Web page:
More Than a Word
"Words mean things!"
A common retort from many a frustrated, self-proclaimed grammar nazi (though I've no clue why anyone would proclaim herself a nazi of anything).
And they do, of course. Everyone knows this. Many people with strong command of grammar, syntax, and word etymology use this ability as a weapon against people who are either less able or who don't care. We create a system of class based on whether a person uses words the way someone hundreds of years ago decided they should be used.
The thing is, words AND their definitions are not static, no matter how much we want them to be. As a child, I was told "ain't" ain't a word because it ain't in the dictionary. I laughed 10 years later when it was added. 15 years ago, the word "friend" wouldn't be used as a verb, yet in the age of digital, social media, we don't blink twice before announcing the fact that we "friended" someone (I didn't even get a red line under that when I typed it!)
As culture changes - as languages blend - as dialects develop, the meanings of words and how those words are used change. NOT ONLY THAT, words are merely symbols to express thoughts. The end is the communication, the words are the means. More important than the words used is the agreement between the communicating parties on what those words mean.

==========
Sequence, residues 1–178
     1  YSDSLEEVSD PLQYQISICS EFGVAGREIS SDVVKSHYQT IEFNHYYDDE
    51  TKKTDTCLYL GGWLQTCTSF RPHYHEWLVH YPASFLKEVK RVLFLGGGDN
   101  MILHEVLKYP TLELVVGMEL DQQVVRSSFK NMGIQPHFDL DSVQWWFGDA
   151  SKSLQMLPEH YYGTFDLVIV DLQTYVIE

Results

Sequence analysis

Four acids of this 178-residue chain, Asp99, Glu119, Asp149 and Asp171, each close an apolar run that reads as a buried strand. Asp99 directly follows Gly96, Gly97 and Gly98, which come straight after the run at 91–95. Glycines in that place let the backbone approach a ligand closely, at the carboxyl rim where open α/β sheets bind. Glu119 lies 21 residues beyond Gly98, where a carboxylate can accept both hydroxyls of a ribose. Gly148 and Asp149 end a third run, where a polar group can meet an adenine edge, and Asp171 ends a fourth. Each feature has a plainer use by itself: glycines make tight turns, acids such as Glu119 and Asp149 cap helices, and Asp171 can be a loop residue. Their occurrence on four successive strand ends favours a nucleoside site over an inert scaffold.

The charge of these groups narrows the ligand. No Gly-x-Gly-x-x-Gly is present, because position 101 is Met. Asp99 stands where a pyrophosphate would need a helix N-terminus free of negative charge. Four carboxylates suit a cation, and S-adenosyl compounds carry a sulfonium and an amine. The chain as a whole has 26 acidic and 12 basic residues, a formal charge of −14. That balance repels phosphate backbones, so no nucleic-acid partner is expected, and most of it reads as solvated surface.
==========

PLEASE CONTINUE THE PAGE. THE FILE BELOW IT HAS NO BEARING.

Instead of creating more division with our words and how we use them, let's be more communicative. As a person with strong command of words and traditional uses of them, I am often tempted to correct a person's usage of a word in conversation even if I know what thought the person was trying to convey. After all, words mean things, right?
Words only mean what we tell them to mean. They are our slaves, not our masters. It's okay to love words. I do. I love language and I am intentional about being as syntactically, grammatically, and etymologically correct as possible because that's me. But any and ALL of that should take a back seat to communication. What we experience in conversation is much more than a string of words.